Macbook adapter surgery: success!

cord

A couple of weeks ago I bought a replacement adapter for the household computers. The old one gave up the ghost; internal problem of some sort. So I popped on down to the Apple store.

$79 for a replacement; ouch.

But, I do really like being able to charge the computers while on the couch, and I was already there… so I gritted my teeth and ponied up.

Two days later, the dog decided that new cords are delicious. And just like that, it’s time to say goodbye to the dog. (Well, not really; but the thought did cross my mind.)

So. Given that I already decided that I need an adapter in the family room, what to do?

The default response would be to swear a few times, plunk down another $80, and figure out how to make the dog leave it alone (I’m thinking pepper spray).

But there is a more badass solution. Repair it!

A quick Googling turned up instructions for replacing the cord. 5 minutes on Amazon and we find the exact OEM part, for a whopping total of $7.39 including shipping.

adapter-open

Well dang… for 1/10 the cost, I just couldn’t justify doing it the lazy way… no, to retain the rights to my man-card I had to at least attempt electronic surgery. I buy the cord from Amazon and it’s on.

A few days later, a padded envelope arrives from China. Direct. From Friggin China.

I follow the gist of the instructions I had Googled, and within literally 15 minutes I have the adapter back together with the new cord in place. Plug it in… green LED… Score!

$80? Screw that… $8 and good as new. I guess the dog can stay.

 

Two things:

1) How insanely cool is the world we live in? When you can find a detailed walkthrough on almost any repair or build project in minutes, and when you can order a single, specific, OEM part delivered to your door FROM FRIGGIN CHINA for a whopping $7.39 including shipping. It’s truly an amazing time to be alive.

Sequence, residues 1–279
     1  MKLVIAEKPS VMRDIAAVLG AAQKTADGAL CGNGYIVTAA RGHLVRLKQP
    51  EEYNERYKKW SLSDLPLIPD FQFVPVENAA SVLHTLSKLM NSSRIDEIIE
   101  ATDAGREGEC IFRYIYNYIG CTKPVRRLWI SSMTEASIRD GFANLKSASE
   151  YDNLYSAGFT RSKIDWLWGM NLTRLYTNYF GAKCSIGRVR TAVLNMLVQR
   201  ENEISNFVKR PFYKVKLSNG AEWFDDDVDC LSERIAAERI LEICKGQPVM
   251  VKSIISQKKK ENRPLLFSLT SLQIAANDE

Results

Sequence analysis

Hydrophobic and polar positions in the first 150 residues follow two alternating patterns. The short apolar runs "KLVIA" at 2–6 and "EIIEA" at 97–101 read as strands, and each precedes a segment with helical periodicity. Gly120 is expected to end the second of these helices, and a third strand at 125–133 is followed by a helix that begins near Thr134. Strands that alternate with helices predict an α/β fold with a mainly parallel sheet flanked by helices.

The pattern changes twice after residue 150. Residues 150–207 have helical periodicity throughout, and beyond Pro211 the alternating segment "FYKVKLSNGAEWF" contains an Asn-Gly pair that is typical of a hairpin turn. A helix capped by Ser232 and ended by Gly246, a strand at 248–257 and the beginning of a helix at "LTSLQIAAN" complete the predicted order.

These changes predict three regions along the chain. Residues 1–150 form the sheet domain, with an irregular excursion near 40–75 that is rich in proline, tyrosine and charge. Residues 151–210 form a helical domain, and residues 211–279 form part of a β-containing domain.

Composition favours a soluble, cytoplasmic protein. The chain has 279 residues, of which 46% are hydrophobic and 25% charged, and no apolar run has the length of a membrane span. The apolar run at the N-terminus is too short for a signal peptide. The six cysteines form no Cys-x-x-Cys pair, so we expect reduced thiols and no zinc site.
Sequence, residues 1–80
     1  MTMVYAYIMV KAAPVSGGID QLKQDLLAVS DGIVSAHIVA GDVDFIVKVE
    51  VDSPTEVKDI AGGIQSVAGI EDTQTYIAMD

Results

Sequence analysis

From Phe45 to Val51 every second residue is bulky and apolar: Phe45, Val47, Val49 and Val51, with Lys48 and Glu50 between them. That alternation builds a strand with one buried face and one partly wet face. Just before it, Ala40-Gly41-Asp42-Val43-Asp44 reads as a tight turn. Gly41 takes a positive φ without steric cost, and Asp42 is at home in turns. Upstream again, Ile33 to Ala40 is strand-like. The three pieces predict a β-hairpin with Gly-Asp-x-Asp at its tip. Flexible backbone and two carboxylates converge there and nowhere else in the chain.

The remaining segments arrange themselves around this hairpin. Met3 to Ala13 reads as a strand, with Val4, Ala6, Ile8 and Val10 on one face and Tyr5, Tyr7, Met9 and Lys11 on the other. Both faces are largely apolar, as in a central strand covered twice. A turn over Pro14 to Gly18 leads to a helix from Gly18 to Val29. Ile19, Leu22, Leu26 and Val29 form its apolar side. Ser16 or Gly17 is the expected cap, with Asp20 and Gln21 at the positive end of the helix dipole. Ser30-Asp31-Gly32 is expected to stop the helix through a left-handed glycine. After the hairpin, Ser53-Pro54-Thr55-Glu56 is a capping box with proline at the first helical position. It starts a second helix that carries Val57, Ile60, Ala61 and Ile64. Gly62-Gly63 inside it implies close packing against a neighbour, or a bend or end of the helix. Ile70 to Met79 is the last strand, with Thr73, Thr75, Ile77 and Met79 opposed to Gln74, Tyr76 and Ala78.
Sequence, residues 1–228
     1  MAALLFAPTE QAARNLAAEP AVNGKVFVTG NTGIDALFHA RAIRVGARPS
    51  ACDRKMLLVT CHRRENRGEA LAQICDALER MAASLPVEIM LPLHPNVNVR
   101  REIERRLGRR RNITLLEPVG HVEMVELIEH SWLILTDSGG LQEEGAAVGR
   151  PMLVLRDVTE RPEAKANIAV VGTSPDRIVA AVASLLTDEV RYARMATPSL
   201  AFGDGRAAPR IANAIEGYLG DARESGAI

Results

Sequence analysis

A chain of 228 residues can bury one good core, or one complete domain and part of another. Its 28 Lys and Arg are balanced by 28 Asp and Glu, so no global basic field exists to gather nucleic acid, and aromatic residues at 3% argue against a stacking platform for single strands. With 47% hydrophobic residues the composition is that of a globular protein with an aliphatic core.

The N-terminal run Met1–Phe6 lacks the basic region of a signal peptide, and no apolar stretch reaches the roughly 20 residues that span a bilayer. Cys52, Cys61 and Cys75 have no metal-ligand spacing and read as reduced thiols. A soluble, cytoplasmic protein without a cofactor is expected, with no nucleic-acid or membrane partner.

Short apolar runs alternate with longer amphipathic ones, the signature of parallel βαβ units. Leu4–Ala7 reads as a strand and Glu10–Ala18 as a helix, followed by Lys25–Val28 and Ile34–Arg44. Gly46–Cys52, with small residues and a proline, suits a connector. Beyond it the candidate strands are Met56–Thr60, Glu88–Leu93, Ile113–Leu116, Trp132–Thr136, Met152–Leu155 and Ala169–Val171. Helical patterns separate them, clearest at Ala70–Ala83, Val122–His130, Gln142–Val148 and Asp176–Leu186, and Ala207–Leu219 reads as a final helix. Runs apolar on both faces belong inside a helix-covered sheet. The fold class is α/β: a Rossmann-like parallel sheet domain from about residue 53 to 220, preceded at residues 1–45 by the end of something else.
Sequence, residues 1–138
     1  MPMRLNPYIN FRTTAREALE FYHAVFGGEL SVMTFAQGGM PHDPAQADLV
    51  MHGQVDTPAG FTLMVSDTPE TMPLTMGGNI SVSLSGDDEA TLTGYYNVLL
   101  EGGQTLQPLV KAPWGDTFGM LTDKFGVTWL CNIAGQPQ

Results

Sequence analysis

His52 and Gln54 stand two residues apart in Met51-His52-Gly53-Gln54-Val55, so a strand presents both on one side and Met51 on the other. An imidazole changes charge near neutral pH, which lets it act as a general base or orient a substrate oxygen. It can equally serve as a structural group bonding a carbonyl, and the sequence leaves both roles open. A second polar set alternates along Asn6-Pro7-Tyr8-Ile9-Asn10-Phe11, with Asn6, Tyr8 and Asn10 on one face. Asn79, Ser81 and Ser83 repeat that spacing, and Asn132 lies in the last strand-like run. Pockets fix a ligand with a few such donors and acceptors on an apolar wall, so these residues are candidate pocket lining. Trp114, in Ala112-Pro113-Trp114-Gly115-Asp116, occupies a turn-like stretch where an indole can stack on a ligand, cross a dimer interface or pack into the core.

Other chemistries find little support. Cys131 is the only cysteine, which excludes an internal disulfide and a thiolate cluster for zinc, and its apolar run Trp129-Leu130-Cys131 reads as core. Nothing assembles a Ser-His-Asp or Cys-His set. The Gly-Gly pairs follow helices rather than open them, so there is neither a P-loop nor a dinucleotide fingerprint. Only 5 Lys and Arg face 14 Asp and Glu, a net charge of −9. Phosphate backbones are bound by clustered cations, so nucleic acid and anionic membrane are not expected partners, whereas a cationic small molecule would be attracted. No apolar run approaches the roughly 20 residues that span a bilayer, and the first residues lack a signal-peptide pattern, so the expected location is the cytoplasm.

2) Fixing (or building) things is way more satisfying than buying. It makes the master of your environment, in complete command of the things that might otherwise own you. Once you start, it’s kind of addictive… I’ve got a couple of future projects percolating in the old Thinkolator already.

Got an adapter needing a new cord? Give me a buzz… this was a fun repair. I’d do it again.

2013 Experiment: Primal/Paleo(ish) Eating

Screen Shot 2014-01-05 at 8.23.19 PM

Quick thought tonight… just wanted to share an example of the kind of monthly experiments I’m talking about.

Last year around July, I felt the need to try a “reboot” of sorts. I buzzed my hair, started running, made some changes to my spending patterns, tried to cut way down on my evening beverages, and started eating more or less “Paleo / Primal”. All at once. Just like that.

What Didn’t Work